The Israeli wayNepal’s education system can learn a few things from Israel, like dropout prevention
I have been closely observing educational and cultural practices in Israel as a participant in an international course entitled ‘Youth at Risk: Preventing Students’ Dropouts and Facilitating Reintegration’ being held in Jerusalem. The course aims to acquaint educators from developing countries with the Israeli education system to let them promote the best possible patterns in their home countries. As school dropout is one of the major unaddressed problems in our education system, there are a lot of questions about quality, equality, equity, budget and transformation of the structure. Likewise, the gap between public and private schools has become a topic of discussion among educators. So there may be a few things we could learn from the global arena.
Learn by example
In Israel, school education is categorised into two levels: elementary (grades 1-7) and high school (grades 8-12). There is a matriculation examination at the end of grade 12. School level education is entirely free and compulsory. There are regular, religious, experimental and professional schools. There are a few private schools and they are non-profit. Government support and control is seen in all schools in a uniform manner. Military service is compulsory after passing the matriculation exam. Mathematics, science, health, art and sports are given priority in school education. With regard to the teaching-learning process, a student-centred approach is practised.
Smartphones, laptops and other gadgets are used as learning tools in the classroom. Hebrew or Arabic is the medium of instruction, and English is taught as an optional subject. All high school students have to perform social work for a day once a week. There are no school uniforms except in a few Orthodox Jewish (religious) schools.
Students with different emotions, interests and disability are taught in different classes in the same school. The teacher-student relationship is very friendly. There is discipline, but physical force is never used. Most importantly, sex education is mandatory in high school, and all students above 12 years of age are given special counselling on safe sexual activity. Students are greatly encouraged to set their career goals before their matriculation. There are theoretical lessons, but with sufficient practical and project work. There are psychologists and social workers in all schools. Students are also taught social skills and about leading an independent life from grade 10.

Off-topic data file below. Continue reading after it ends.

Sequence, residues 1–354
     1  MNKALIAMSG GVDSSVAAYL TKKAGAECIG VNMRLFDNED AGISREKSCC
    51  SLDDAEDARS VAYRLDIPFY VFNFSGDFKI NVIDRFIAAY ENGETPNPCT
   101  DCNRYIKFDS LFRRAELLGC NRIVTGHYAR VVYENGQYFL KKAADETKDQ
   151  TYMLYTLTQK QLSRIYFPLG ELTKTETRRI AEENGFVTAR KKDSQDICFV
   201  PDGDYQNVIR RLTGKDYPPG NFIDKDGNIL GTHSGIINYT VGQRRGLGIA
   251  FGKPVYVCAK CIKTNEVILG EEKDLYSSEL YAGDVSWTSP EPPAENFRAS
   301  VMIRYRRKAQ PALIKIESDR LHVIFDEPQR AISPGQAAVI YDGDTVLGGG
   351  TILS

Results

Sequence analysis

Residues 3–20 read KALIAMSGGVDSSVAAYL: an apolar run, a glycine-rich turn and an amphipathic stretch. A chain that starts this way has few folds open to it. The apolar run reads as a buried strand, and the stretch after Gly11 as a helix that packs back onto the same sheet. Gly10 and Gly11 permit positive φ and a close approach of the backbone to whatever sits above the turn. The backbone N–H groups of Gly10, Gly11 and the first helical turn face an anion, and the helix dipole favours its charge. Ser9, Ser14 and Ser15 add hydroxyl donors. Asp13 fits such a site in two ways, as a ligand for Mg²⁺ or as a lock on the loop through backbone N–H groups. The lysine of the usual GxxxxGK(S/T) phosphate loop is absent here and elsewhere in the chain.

In Nepal, there are an estimated 7 million children studying at the school level. According to a flash report of the Department of Education, the dropout rate is about 20 percent. Israel has a dropout rate of around 8 percent. Students leave school for religious, social or familial reasons. In order to minimise dropout rates, the Israeli Ministry of Education makes a careful projection of the data and plans accordingly. It maintains regular coordination with other ministries and national policymakers.
Proactive screening in schools is one of the best methods of dropout prevention in Israel. Students at risk are seen to come out onto the streets frequently, behave differently and miss classes repeatedly. To handle this situation, government-funded NGOs play a leading role in talking with them, making them feel comfortable and bringing them to regular or professional school. Students who have been sexually abused or have a history of drug abuse are provided timely intervention by trained social workers and therapists. Due to such counselling, they are not ashamed to return to school with their peers.
In Nepal, the government comes up with different programmes to reduce dropout rates, but the implementation part is weak. Why haven’t dropout risk factors been addressed? The answer is, of course, lax monitoring by the state and irresponsible stakeholders. What Nepal can adopt from the Israeli education system and practices is a responsible role and implementable plans at the national level. If there is to be a better education system in any country, the first and foremost role is always that of the government. The state should act in a strict and effective way. Similarly, classroom size and student-centered teaching can be considered for replication.
Quality over quantity
Even a small effort can become a great model in the future. It is not recommended that we imitate Israeli socio-cultural practices, but their impact on quality education should be taken into account. Let’s not promote physical punishment in the name of discipline and teacher authority in the classroom. Nepal’s schools can also expand information communications technology-based teaching as a powerful tool for learning.
Sometimes, quality education for a few is more important than education for all. No more priority to quantity only. As Nepali society is also changing fast, sexual education in school should be made mandatory. Like professional schools in Israel, vocational schools in Nepal can be the best alternative for dropouts and others. Our curriculum can adopt the social skills development modules and flexible course books. It is important to establish fair and friendly relations between teachers and students in Nepali schools. Let’s allow students to choose their subjects, so that they can explore their potential with interest. Finally, the gap between public and private schools must be bridged with an acceptable and adjustable policy. Education is meant for social development, and schools are just a social enterprise.
Regmi is associated with the Nepal Youth Foundation